A few tips on preparation...

Federal government food policy aside, if you leave the beef out to rest at room temp on the counter for 15 minutes or so, it will brown much better (this is true with any meat). Just use common food safety sense when allowing meat to sit out- it will need to be promptly cooked of course. This is a perfect make ahead dish, as the longer the flavors marry, the more delicious it becomes. The extended cooking allows the usually tough (and inexpensive) cut of meat reserved for stews to really break down and become tender and full of flavor. Taste it- does it sing? If not, add more salt a 1/2 tsp at a time and that should do it (beef stocks have varying sodium content). And finally, in the video Isabella refers to "mirepoix" which is the traditional mixture of onion, celery, and carrots.

Best Ever Beef Stew

1 lb stew beef
scant 1 cup flour mixed with 1/2 tsp salt and a few fresh grindings of pepper
4 TBS olive oil
1 onion, chopped
3 carrots, chopped
3 celery, chopped
3 cloves garlic, thinly sliced
1 tsp
1/2 tsp pepper
1/2 tsp dried thyme
1 cup red wine
1 14.5 oz can diced tomatoes
1 quart organic beef stock
2 cups water
2 yukon gold potatoes, chopped into medium chunks
1 cup frozen peas

1. Place the flour mixture on a large plate or shallow dish and liberally coat the stew beef.

2. In a large pot, get the olive oil good and hot (glistening but not smoking) over medium high heat and add the beef, shaking off excess flour before placing it in the pot. Brown on all sides for a couple of minutes per side, and then place the beef on a clean plate and set aside.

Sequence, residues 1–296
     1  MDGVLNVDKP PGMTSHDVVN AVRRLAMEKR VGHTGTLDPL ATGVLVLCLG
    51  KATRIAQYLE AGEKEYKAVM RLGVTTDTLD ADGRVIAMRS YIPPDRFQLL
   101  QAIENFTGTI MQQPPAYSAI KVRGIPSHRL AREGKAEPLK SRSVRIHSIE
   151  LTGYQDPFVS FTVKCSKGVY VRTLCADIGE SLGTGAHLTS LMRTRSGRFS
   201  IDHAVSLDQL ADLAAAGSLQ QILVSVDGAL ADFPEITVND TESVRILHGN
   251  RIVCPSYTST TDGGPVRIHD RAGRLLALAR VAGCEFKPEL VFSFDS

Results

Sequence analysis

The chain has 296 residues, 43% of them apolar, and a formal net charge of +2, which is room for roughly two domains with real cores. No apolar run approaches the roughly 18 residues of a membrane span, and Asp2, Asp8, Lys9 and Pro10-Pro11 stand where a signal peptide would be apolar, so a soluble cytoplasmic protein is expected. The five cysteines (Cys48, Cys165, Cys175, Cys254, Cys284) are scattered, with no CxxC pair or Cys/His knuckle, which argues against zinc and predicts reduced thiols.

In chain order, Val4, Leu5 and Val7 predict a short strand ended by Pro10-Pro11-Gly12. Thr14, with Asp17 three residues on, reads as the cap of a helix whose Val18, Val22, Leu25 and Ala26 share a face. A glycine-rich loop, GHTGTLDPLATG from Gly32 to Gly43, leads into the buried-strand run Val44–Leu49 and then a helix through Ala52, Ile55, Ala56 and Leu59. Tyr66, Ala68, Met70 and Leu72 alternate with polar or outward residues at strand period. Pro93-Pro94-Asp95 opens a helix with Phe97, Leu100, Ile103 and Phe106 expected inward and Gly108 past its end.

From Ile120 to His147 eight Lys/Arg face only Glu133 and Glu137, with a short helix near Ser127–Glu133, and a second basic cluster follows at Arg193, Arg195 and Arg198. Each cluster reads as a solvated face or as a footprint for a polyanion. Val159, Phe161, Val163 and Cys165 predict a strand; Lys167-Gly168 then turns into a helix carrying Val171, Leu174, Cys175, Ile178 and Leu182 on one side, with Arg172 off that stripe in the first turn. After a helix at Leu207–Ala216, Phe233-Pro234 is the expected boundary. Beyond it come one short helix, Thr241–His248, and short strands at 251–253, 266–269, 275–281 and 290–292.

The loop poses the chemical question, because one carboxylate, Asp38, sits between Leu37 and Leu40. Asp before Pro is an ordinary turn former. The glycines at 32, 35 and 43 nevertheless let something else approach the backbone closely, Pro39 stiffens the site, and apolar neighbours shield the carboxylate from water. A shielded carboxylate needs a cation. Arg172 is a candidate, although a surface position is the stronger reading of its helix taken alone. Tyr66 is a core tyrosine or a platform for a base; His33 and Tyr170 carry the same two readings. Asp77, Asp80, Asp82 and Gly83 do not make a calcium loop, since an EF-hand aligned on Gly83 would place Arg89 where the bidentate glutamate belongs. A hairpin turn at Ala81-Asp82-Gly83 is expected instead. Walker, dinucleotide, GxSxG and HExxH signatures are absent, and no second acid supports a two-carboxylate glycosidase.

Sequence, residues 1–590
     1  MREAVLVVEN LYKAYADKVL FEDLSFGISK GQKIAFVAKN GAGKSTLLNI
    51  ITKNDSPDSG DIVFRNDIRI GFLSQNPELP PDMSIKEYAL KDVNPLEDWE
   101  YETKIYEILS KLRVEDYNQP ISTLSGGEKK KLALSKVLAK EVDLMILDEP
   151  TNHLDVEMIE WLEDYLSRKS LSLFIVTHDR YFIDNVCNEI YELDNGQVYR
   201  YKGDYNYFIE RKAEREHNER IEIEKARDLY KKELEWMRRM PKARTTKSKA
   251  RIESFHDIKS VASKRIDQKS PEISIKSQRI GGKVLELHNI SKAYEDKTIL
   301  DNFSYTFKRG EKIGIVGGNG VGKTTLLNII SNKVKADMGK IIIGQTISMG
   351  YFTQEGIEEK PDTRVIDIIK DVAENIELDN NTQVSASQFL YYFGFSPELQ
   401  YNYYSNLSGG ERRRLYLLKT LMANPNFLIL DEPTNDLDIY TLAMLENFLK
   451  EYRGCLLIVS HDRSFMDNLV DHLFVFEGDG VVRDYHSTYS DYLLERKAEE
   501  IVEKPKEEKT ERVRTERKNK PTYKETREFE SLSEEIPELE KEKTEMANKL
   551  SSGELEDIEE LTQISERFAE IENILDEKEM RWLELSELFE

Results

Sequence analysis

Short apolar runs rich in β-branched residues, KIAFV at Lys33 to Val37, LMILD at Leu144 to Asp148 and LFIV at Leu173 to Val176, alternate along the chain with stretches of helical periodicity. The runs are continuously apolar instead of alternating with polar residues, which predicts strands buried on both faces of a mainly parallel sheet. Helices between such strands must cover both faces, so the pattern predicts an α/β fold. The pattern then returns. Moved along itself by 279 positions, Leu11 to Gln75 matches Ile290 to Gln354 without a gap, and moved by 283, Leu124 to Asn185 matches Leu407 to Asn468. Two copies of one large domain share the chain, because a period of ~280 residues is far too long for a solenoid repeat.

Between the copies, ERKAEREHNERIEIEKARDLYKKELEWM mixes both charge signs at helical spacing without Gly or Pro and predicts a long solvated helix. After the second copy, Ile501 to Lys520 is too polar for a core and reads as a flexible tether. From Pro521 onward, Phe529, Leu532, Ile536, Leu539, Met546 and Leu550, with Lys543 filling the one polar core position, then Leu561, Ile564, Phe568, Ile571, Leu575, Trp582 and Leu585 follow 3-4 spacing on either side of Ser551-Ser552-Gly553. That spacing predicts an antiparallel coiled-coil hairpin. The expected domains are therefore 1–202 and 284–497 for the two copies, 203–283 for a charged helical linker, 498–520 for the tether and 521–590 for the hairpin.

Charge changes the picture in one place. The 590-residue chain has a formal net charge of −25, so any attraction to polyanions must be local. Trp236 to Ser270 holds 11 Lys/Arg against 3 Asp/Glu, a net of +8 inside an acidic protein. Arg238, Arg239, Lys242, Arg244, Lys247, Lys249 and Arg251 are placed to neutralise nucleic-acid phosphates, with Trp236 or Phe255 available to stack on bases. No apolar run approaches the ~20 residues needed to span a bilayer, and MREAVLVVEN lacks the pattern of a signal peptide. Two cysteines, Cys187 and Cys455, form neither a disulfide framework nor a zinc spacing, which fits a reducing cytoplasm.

3. But another couple of TBS of olive oil in to the pot if it appears too dry, and then place the onion, carrots, celery, and garlic in and cook for 8 minutes or so, stirring frequently. Add the salt, pepper, and thyme and stir.

4. Deglaze the pan with the wine, taking care to scrape up all of the yummy brown stuck on bits (the flavor!), then add the tomatoes, stock, water, potatoes, and peas. Bring to a boil, reduce heat, and simmer for at least and hour and a half (I let mine simmer slowly for about 4 1/2 hours).

Sunday, May 8, 2011

10 Questions

Happy Belated Mother's Day everyone! I hope yours was better than mine. I guess I shouldn't say that, it wasn't all bad really, at least when the Mother's Day Weekend is looked at in its entirety. Friday my husband arranged for a sitter so that we could have "day date", which after after numerous drops in the suggestion box, I was thrilled to finally get to do. Normally any time I am allowed out during actual waking hours, either my husband or my mother is sitting at home with a stopwatch while I am running around stressing over needing to be gone. Not this time. I lapped up a leisurely lunch at Jasper's in Plano, with alcohol and dessert, and browsed through shops, unhurriedly trying on the seasons latest offerings. Ah, the joys of childcare. Saturday evening Josephine (3) left with my mother to have a sleepover, leaving us 1 child lighter. To maximize that opportunity we headed out to our favorite happinin spot for a great dinner at Taco Diner (with me sporting some of my new digs of course) followed by overpriced and completely fabulous ice cream cones at Milwaukee Joes. It so happened that there was a benefit going on in the Square that night, complete with a standard (and quite good) classic rock cover band, and other children to play with (YAY!). I became the resident mother of the grassy knoll, spending the next hour and a half playing various combinations of freeze tag and football with the 8 and under set, while their parents fretted away on there Blackberrys, completely missing the moment. That's OK... More joy for me.